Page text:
As much as social media has become pretty thoroughly integrated into consumers’ and companies’ online experiences, it’s still a good idea to have your own web properties. Certainly you can brand and monitor third-party sites, but having your own provides your company with a solid and centralized online identity. (“Sharecropping” refers to relying on third-party services, platforms, and companies you don’t own or control for functions that are essential to your business.)
It provides a destination with your branding, correct and comprehensive information about your company, and a single location to receive questions, comments, and concerns (and potentially post replies). These days plenty of people are reticent to do business with a company that doesn’t have a website, since it seems a bit sketchy. Who are they, really?
To this end, registering your own domains and either creating sites or directing them to relevant existing properties is a good idea. (And yet, many small businesses still don’t have a web presence.)
Monitor, engage, and converse
In addition to keeping a close eye on your own online properties, it’s a good idea to set up social media, blog, and news alerts for those aforementioned terms (the ones your company uses and the ones others use) to enable good awareness and responsiveness.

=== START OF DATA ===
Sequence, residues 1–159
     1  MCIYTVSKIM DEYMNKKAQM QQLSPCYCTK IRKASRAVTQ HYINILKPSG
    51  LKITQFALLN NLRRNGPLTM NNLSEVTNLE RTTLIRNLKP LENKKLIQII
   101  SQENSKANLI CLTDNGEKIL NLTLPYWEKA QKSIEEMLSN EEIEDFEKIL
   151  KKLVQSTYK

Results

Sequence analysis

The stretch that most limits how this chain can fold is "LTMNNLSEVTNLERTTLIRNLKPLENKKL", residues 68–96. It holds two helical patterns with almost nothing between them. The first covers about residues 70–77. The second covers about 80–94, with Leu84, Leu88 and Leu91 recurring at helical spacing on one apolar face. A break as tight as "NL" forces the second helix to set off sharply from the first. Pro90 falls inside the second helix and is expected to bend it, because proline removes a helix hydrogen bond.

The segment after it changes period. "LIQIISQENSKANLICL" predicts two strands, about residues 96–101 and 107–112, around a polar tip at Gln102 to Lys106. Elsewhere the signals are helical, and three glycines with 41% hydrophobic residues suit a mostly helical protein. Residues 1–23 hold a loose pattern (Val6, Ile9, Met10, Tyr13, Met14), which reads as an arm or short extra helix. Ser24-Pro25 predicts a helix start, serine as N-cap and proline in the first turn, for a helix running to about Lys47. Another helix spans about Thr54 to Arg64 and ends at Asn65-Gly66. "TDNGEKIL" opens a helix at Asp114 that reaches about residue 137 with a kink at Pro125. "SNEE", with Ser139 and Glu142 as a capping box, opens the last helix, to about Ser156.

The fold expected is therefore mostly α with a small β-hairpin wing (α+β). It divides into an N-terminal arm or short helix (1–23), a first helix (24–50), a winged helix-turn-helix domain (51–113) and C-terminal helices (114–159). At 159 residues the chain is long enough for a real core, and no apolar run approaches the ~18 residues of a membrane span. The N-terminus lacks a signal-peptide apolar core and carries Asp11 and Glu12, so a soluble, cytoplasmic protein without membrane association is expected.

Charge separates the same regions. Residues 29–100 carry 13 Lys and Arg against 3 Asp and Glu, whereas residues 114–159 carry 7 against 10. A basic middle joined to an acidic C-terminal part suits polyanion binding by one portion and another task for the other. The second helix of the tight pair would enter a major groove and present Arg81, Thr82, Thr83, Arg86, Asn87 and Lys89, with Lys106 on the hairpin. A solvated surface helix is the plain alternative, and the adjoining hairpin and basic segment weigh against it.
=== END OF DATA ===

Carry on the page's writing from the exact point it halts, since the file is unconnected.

On third party sites on which you participate, like social media, make sure that people are actively monitoring them if people choose those avenues to contact you. People will almost always try to contact you by the ways they’re familiar with, rather than whatever your company might prefer. If your audience or customer base is on Twitter, then you’d better be, too.
Also be aware of how much you “broadcast”. That might seem odd, given I just recommended having policies for what, where, and how much you post. But note that Internet culture doesn’t tend to be a fan of companies having exclusively a “me, me, me” attitude.
Yes, people want it to be easy to get information and answers about you and your products. But that’s not all they want from you. They also don’t want to be asked for things or told to do things that are clearly only going to benefit your company.
They want to be heard, and to be able to have a conversation with you (when they want one), and know that their concerns are being listened to and that their problems get fixed.